The many spring festivals in Asia are diverse and exciting, but they’ll definitely affect your travel plans in the region.
Smart travelers know to either arrive early and enjoy the fun or steer clear until things calm down. Don't pay inflated prices for flights and hotels without getting to enjoy the fun!
Songkran in Thailand and Golden Week in Japan put a lot of strain on the travel infrastructure in both places. Many other smaller spring festivals in Asia include planting ceremonies and a variety of celebrations observing Buddha’s Birthday.
India’s Festival of Colors is the messiest festival in India and one of the wildest spring festivals in Asia.
Holi is rowdy, messy, and completely unforgettable if you’re brave enough to arm yourself with powdered dye and join the fray. Rowdy crowds in the streets dust each other with colorful powders in a good-natured blessing. In old times, the colored powders were made from neem and other Ayurvedic medicines that helped prevent infections.
Holi is the celebration of good’s victory over evil. A frenzied throng dances in the chaotic streets as colors are thrown.
Dates for Holi vary from year to year because they are based on the Hindu calendar. The festival usually falls between the end of February and middle of March.
- Where: India, Malaysia, Nepal, and anyplace with a sizable Hindu population
- When: February or March; see the dates for Holi
Known as Nyepi, the annual Balinese Day of Silence literally shuts Indonesia’s busiest island down — airport included!
For one day, the drone of motorbikes is silenced, bars stop the thumping music, and Bali’s tourism machine grinds to a halt.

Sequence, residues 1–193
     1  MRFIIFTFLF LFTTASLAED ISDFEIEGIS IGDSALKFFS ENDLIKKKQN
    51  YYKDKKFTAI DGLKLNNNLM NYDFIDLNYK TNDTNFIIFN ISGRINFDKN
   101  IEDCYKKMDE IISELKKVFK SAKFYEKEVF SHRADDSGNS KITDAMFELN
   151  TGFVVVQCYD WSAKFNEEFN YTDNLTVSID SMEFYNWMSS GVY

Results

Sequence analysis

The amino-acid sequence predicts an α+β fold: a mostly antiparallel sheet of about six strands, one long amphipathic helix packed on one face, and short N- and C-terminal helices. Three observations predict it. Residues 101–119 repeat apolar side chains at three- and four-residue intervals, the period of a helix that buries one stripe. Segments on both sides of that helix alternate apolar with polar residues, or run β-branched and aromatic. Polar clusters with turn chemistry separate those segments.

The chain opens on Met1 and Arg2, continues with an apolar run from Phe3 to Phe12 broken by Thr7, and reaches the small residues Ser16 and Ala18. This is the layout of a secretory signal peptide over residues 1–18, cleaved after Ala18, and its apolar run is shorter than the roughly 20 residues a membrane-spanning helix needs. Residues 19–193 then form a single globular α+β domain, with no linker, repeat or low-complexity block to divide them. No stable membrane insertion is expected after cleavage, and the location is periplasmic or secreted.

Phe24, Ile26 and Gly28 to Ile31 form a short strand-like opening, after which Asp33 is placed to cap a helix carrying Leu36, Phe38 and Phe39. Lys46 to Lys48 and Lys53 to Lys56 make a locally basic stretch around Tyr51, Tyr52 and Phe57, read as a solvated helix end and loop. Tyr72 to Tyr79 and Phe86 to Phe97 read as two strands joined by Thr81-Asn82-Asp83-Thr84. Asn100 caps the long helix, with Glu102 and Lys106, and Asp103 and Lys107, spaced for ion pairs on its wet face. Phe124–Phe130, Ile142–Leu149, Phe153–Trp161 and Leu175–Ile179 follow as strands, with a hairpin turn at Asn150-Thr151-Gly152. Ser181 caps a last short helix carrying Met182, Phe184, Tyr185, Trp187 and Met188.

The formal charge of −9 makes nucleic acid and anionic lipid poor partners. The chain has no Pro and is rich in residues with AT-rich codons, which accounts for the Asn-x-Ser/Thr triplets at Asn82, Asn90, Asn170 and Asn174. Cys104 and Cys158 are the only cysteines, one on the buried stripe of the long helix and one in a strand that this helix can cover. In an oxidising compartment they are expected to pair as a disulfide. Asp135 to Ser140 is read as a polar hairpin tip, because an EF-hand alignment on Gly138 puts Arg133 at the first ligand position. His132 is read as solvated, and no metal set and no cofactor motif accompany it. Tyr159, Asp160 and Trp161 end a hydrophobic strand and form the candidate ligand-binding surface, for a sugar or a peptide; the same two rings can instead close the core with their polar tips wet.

The Day of Silence is strictly enforced; Western travelers aren’t exempt. Tourists are expected to stay on their hotel grounds during Nyepi, dim the lights, and speak in hushed voices. You may need a break after the noise, fireworks, and rambunctious party the night before Nyepi anyway!
The day is considered New Year according to the Balinese saka lunar calendar.
- Where: Bali, Indonesia
- When: In March or April; dates are based on a lunar calendar and change each year
Songkran began as a tradition of sprinkling water on each other as a blessing. Buddha statues are brought out for the new year in a procession to then be washed by worshipers.
Modern Songkran has evolved into dumping buckets of ice water and blasting strangers with big water cannons. You are guaranteed to get wet during Songkran; holding a phone or laptop is no excuse.
Love it or hate it, there’s only one way to survive Songkran: embrace the fun and arm yourself with a bucket — or stay far, far away!
Backpackers traveling along Southeast Asia’s Banana Pancake Trail absolutely love the party but so do locals! Songkran is certainly not just a tourist party. It's a good time to playfully interact with local Thais.
Thailand experiences the hottest temperatures in April (often over 100 degrees Fahrenheit), so being sprayed with water isn’t as bad as it sounds.
- Where: All over Thailand, but Chiang Mai is the epicenter. Smaller celebrations can be enjoyed in Luang Prabang (Laos) and Myanmar
- When: Official dates are April 13 to April 15, but unofficial celebrations often start earlier